The storm's just politics, in my book.

In the early 1980s, I spent $450,000 for my employer's new logo.

No one lost her job.

Decades later, a version is still in use.

Friday, April 15, 2016

Welcome to Indenture

Employers who recruit a lot of recent grads are luring them with a new perk: student loan repayment.

Bloomberg reports that investment and consulting firms like Nataxis and   PricewaterhouseCoopers will pony up as much as $250 a month toward a candidate's college debt.

McKinsey, Bain Capital and Accenture will also pay down employees' student debt, according to The Wall Street Journal.

If you're willing to provide seed money, we can jump on the bandwagon and start up our own firm to compete with Accenture.


A pillar of colonial America, indenture (a version of "enforced servitude") underwrote the tobacco economy in the Chesapeake region.

Under the system, an Englishman who sought a clean start in America signed a contract that promised he'd repay his master for ship fare, clothing, and room and board by laboring for seven years. 

Women also signed the contracts.

The word indenture refers to an indentation made on each contract. When it was drawn, two copies were made. One copy was then placed over the other and an edge indented.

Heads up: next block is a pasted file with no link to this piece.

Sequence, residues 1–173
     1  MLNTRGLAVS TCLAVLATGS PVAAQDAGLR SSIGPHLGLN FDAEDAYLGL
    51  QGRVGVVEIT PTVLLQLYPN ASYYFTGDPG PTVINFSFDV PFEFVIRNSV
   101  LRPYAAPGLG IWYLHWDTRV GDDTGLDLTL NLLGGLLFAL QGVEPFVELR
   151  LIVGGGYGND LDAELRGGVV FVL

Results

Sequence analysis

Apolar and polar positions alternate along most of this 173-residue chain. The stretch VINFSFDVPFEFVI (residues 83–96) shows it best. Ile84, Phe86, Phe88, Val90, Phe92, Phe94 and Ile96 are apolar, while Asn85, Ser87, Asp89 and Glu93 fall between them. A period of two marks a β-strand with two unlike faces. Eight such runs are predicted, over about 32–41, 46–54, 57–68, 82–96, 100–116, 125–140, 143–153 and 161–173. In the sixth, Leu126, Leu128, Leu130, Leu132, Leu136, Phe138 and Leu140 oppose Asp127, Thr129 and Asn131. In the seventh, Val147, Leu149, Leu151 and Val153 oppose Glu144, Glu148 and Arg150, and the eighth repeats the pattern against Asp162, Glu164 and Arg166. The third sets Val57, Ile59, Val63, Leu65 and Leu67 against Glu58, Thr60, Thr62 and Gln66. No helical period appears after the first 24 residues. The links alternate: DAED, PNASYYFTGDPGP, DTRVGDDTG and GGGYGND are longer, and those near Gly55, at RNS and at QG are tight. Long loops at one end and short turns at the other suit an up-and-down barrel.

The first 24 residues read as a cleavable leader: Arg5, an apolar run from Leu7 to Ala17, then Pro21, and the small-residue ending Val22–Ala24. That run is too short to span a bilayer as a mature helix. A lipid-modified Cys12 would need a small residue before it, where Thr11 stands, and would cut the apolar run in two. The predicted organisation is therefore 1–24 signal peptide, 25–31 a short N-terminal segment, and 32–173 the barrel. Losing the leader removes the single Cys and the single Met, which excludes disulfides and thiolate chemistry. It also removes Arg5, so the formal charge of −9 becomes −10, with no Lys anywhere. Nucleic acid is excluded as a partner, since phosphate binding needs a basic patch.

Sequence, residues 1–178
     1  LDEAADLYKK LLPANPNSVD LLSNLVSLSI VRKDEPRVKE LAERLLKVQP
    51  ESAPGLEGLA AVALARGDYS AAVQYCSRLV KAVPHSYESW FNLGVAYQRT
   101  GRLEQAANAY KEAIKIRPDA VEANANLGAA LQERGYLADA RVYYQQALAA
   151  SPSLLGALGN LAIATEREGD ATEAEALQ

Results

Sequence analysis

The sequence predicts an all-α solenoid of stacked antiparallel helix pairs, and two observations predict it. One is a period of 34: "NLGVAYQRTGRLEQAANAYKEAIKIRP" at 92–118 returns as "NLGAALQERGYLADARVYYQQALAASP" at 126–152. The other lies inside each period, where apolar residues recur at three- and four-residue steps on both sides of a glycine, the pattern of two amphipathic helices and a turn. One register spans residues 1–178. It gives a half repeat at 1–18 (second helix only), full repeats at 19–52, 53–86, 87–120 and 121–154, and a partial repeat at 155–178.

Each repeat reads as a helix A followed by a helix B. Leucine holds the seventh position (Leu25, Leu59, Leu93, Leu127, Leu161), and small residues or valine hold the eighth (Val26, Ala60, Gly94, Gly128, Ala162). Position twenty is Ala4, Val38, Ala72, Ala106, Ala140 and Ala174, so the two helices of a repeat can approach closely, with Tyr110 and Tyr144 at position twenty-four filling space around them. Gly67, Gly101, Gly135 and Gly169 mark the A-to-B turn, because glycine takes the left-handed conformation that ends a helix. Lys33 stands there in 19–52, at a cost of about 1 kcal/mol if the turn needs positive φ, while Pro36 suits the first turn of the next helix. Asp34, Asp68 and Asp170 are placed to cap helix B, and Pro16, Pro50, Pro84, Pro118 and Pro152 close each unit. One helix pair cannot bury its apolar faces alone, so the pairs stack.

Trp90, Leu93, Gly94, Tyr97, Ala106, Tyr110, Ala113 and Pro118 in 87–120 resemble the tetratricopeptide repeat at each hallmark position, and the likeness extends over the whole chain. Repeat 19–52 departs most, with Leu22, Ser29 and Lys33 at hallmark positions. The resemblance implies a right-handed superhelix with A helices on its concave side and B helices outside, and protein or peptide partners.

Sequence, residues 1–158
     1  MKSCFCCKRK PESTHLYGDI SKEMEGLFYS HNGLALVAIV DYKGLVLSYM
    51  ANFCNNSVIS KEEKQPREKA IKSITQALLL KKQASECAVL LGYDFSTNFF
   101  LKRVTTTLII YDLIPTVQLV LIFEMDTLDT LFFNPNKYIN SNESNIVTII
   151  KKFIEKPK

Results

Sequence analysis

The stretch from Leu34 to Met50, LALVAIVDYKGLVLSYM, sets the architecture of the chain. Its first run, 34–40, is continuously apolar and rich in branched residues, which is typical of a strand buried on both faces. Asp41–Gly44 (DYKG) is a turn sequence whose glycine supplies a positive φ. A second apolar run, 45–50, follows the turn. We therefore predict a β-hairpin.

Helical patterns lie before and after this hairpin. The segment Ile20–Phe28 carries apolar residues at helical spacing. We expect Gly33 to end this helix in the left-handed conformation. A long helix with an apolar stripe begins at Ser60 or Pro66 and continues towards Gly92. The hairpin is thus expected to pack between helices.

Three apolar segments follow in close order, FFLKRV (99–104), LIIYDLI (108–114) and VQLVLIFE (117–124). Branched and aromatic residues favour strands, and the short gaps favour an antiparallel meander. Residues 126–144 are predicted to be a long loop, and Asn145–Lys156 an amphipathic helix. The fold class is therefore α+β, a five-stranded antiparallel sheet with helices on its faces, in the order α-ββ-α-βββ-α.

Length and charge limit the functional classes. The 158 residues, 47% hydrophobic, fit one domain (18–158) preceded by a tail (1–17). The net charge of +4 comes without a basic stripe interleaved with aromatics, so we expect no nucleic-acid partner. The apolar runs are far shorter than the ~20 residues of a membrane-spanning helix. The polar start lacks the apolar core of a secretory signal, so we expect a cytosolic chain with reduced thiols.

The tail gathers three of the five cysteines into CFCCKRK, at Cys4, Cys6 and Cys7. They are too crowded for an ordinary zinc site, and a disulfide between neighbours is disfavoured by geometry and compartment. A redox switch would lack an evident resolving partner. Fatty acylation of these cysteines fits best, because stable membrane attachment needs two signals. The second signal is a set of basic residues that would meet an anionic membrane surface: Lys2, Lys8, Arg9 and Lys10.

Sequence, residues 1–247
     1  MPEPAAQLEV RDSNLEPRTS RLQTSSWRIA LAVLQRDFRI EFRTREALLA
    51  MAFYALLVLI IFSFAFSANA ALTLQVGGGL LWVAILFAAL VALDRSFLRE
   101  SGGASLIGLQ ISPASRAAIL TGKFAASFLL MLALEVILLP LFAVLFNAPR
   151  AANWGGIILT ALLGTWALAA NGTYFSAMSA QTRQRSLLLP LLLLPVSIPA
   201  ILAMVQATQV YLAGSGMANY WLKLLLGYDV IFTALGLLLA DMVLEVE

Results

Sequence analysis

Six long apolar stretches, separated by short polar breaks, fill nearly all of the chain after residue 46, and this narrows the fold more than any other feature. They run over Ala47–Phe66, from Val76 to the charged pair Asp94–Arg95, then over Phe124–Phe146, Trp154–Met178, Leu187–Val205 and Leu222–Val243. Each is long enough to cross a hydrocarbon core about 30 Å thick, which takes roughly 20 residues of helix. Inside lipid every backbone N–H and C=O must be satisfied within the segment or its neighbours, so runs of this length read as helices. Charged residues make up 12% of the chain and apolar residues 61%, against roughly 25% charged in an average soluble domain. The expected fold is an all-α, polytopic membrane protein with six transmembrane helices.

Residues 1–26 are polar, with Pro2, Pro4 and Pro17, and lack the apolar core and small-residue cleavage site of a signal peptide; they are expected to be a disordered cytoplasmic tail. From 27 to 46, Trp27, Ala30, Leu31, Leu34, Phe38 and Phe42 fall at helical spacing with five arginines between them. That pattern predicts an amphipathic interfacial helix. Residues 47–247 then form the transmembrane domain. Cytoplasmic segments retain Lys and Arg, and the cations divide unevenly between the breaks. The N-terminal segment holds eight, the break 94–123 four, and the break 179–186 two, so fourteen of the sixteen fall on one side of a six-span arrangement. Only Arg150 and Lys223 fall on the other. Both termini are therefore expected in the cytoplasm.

As a result, master and servant could always spot whether a copy might be forged (often the end-date would be changed by one or the other party.)

On a serious note: Burdensome debt is no laughing matter. It drives in part the popularity of Bernie Sanders among Millennials. As one Boomer told a group of college students, “Your generation’s debt is our generation’s draft."

Thursday, April 14, 2016

View-Master Revisited

This week, I was treated to a rough-cut of a DMO's forthcoming virtual reality promotion.

The glories of the city's convention center and hotels were revealed in full and fabulous 3D.

Writing for Associations Now, Samatha Whitehorn claims VR is destined to become "a mainstream feature of association meetings and destination marketing."

Little wonder, Whitehorn says. "The power of VR is that it gives the viewer a unique sense of empathic connection to people and events."

DMOs will tap VR to give their cities an edge in event planners' eyes, and even offer it as an alternative to live streaming, so folks unable to attend an event can join in from afar.

But wait a cotton-pickin' minute!

"VR's going to kill my event," every planner's shouting.

Not in my book.

I may be a curmudgeon, but VR is only higher octane View-Master.

Don't get me wrong: I loved View-Master as a kid. But it didn't keep me from exploring the world beyond my bedroom.

I predict VR will indeed find its niche—alongside the Pet Rock and the Cabbage Patch Kid.

What do you think?

Wednesday, April 13, 2016

You Don't Have to be Jewish

Once upon a time, I had the privilege of interviewing madman George Lois for a magazine article about ad creative.

When I asked, "What makes an ad effective?" Lois said, "An ad has to kick you in the ass with an idea you like."

In other words, the advertiser needs to startle you, then evoke a little love.